Aki Arjola, a former food magazine editor and founder of a food shop in Helsinki, takes us on a tour of his neighbourhood.
Aki Arjola founded his shop, Eat & Joy Farmers Market in Helsinki in June 2009. Eight months later, the store retains a steady clientele of foodies from near and far. The shelves are lined with bags of organic stoneground flour and dark loaves of sour, slow-baked Finnish ryebread. Crates of beer from local micro-breweries pile up on the floor and the fridge is packed with unpasteurised milk, cheese and butter, smoked fish, reindeer meat and the market’s trademark beef from Finnish cattle.
Arjola began his career in the 1990s working in electronics in Russia, moving from Arckhangelsk to Moscow and St Petersburg and then working his way through the capitals of three Baltic countries. Back in Helsinki, Arjola became editor of a restaurant trade magazine, where he devoted much of his time to selecting and featuring the best of Finnish artisanal food producers.
Arjola’s shop is located in Lasipalatsi (the Glass Palace), an iconic 1930s Modernist building incentral Helsinki. “A lot of the produce we’re selling we found when working at the magazine. When planning the market we were convinced that selling hand-picked artisanal produce in the city centre would be a success.” Arjola knows where to source the best local foods and where the best restaurants are. At home, in the district of Töölö, Arjola shares his interest in food with his wife, Tanja, who runs a catering firm. Across the street from Arjola’s flat is Ateljé Finne, a bistro in a 1920s sculptors’ atelier. The chef and owner, part-time musician Antto Melasniemi, serves rustic home cooking to a clientele of locals and artists.
A few blocks away, Konditoria Hopia on Hesperiankatu in Töölö is usually crammed with people. The reason is obvious: the freshly baked pastries, pies and cinnamon buns served with coffee. Arjola’s wife introduced the place to him. “The Karelian pasties (a baked ryeshell filled with rice and basted with butter) are the best in town. Occasionally, the ladies deliver some of them to our market,” he says.
Another popular joint near Arjola’s home is Cafe & Eepos. The café attracts a mixed crowd of students, workers and neighbourhood retirees. “The café is near our office, so we’re regulars, buying pastries for our morning meetings or having a hearty soup with fresh bread for lunch.”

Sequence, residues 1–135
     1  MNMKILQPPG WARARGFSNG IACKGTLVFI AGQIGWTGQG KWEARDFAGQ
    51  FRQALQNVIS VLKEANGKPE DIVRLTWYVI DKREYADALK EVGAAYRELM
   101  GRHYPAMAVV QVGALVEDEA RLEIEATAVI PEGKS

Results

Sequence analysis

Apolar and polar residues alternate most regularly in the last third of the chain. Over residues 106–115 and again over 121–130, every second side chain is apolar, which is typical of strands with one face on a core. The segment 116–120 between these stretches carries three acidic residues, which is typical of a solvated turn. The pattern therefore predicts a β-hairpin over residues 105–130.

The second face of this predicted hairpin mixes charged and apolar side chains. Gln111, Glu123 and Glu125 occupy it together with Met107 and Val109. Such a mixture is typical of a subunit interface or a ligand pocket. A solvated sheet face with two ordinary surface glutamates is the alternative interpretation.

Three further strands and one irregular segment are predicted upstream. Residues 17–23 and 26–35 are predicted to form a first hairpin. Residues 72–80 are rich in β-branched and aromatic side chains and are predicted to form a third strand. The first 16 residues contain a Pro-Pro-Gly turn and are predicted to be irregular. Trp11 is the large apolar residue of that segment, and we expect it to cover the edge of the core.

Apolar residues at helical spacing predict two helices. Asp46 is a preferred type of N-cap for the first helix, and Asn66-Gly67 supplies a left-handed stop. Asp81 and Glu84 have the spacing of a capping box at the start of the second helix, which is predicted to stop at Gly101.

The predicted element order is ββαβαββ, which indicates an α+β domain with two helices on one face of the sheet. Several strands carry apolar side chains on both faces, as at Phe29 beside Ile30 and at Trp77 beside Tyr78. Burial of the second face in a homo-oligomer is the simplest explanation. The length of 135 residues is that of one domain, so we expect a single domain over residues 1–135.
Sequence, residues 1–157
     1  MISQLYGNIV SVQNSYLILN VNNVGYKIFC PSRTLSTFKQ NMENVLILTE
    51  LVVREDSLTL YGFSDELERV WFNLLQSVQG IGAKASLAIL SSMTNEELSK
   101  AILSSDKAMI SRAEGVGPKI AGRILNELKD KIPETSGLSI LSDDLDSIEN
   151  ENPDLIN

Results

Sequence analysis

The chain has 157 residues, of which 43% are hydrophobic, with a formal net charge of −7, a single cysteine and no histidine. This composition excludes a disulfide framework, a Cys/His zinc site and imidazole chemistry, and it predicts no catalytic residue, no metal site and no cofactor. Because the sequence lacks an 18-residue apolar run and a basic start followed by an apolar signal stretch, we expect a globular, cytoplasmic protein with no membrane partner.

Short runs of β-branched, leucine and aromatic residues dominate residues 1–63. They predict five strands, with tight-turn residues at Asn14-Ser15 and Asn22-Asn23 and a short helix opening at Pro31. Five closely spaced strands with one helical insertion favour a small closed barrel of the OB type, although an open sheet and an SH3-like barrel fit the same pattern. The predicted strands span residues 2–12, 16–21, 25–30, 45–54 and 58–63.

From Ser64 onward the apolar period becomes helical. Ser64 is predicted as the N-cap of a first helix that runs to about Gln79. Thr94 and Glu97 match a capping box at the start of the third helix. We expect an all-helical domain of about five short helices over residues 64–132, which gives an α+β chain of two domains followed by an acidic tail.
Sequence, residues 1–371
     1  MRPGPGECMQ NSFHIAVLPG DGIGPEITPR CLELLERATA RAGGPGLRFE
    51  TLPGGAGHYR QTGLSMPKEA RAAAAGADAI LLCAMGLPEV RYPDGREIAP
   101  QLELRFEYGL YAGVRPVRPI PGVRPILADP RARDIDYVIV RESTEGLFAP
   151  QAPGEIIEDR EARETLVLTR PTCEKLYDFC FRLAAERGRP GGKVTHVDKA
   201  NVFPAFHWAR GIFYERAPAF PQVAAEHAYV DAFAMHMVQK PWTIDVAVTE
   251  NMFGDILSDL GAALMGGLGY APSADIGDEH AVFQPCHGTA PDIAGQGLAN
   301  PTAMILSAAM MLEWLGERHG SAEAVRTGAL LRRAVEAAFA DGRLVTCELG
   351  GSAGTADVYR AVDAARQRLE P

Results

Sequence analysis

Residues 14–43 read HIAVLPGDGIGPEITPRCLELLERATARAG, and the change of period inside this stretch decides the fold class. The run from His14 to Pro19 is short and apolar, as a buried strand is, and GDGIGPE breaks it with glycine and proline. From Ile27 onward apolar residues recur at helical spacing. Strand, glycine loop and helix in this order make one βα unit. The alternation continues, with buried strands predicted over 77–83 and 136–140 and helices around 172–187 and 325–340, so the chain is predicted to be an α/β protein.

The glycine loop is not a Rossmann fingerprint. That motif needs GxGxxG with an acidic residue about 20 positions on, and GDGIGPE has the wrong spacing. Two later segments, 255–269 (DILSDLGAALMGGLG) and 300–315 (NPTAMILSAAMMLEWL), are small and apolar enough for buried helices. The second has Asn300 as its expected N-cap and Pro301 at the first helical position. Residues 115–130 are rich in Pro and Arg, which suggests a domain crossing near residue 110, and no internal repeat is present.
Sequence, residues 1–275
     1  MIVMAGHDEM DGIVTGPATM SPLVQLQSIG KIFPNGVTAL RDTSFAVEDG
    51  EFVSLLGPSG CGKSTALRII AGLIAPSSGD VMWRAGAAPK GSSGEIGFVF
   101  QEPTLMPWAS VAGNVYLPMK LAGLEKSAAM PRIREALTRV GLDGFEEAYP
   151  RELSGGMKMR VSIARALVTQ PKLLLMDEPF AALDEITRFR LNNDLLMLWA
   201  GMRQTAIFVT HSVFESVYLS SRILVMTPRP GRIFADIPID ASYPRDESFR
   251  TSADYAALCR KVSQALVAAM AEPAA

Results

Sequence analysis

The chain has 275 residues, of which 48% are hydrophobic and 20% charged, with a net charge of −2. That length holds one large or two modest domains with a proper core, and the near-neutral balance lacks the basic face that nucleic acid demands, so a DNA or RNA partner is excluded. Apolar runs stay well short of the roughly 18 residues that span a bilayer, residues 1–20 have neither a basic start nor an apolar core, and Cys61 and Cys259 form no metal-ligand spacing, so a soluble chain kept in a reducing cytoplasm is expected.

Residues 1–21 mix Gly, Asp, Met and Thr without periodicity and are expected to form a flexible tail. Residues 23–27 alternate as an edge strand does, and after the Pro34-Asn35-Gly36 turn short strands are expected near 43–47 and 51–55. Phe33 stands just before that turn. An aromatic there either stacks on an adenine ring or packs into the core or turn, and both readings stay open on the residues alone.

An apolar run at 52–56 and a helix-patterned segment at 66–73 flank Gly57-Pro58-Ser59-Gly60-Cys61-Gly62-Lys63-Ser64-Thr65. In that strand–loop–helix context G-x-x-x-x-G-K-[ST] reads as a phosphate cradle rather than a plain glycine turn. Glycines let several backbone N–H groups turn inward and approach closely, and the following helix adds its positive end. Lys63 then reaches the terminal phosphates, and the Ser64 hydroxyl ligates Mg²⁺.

Bread, particularly dark ryebread, is a staple of Finnish food. “The best loaf in town comes from the family-run Avikainen bakery in the Kallio district,” says Arjola. Little has changed since the 1960s at the bakery, which is still run by 83-year-old Elvi Avikainen and her daughter Jenni.
The Hakaniemi market hall has been supplying Helsinki with fresh produce for almost a century. One of the cheesemongers in the hall, Lentävä Lehmä, is the city’s main purveyor of specialist Finnish cheese. Arjola’s favourites are the creamy blue cheese from Peltola, sweet goatmilk cheddar from Kolattu and tiny, orange-hued Metsuri from Herkkujuustola.
Arjola’s first choice for a night out would be one of Helsinki’s old-school restaurants. He goes to Sea Horse in the district of Ullanlinna for fried Baltic herrings with mash and fried liver or meat and potato hash. “What I like most about Sea Horse is the no frills food and the regulars. You don’t have to pretend. Just have some beers, eat a meal or, if you feel like it, dance on the tables!”
Mannerheimintie 22-24, + 358 45 2505 333
Arkadiankatu 14, + 358 9 493 110
Pohjoinen Hesperiankatu 29, + 358 9 492 556
Runeberginkatu 9, + 358 9 241 9595
Franzeninkatu 10, + 358 9 719 719
Hakaniemen Kauppahalli, + 358 9 726 1030
Kapteeninkatu 11, + 358 9 628 169
Aki Arjola lives and works in the Töölö neighbourhood. Geographically linking the city centre to its northern districts, Töölö was mainly built in the 1920s and 1930s and made up of apartment blocks and businesses at street level. Töölö is still predominantly a residential district with an active cultural scene.
What do a €1,000 Burgundy and a mixed-grape variety table wine from Sicily possibly have in common? They both fall under the category of natural wine. These natural wines are made from handpicked, organically farmed grapes, produced with little or no sulphur and no added sugars, filtering or foreign yeasts. Natural wine is usually made in small quantities on low-yielding vineyards. Although most often French, there are a growing number of Italians in on the act. One French winemaker is Thierry Allemand, a former electrician who acquired vineyards in the Rhône and became perhaps the best-known producer in the region. He’s one of the masters of Cornas, a wine made from the Syrah grape.
- Thierry Allemand, Les Chaillots, France
- Arianna Occhipinti, Il Frappato Italy
- Anselme Selosse, Champagne Jacques Selosse, France
Le Verre Volé, Paris
Three hundred of France’s best natural wine producers can be found in this tightly packed wine bar.
Sit at the zinc top bar for a plate of charcuterie and a glass or two of hard-to find natural wines from around the world. terroirswinebar.com
The Ten Bells, New York
Wines to pair with an excellent selection of cheeses. thetenbells.com
Café Cowra, Tokyo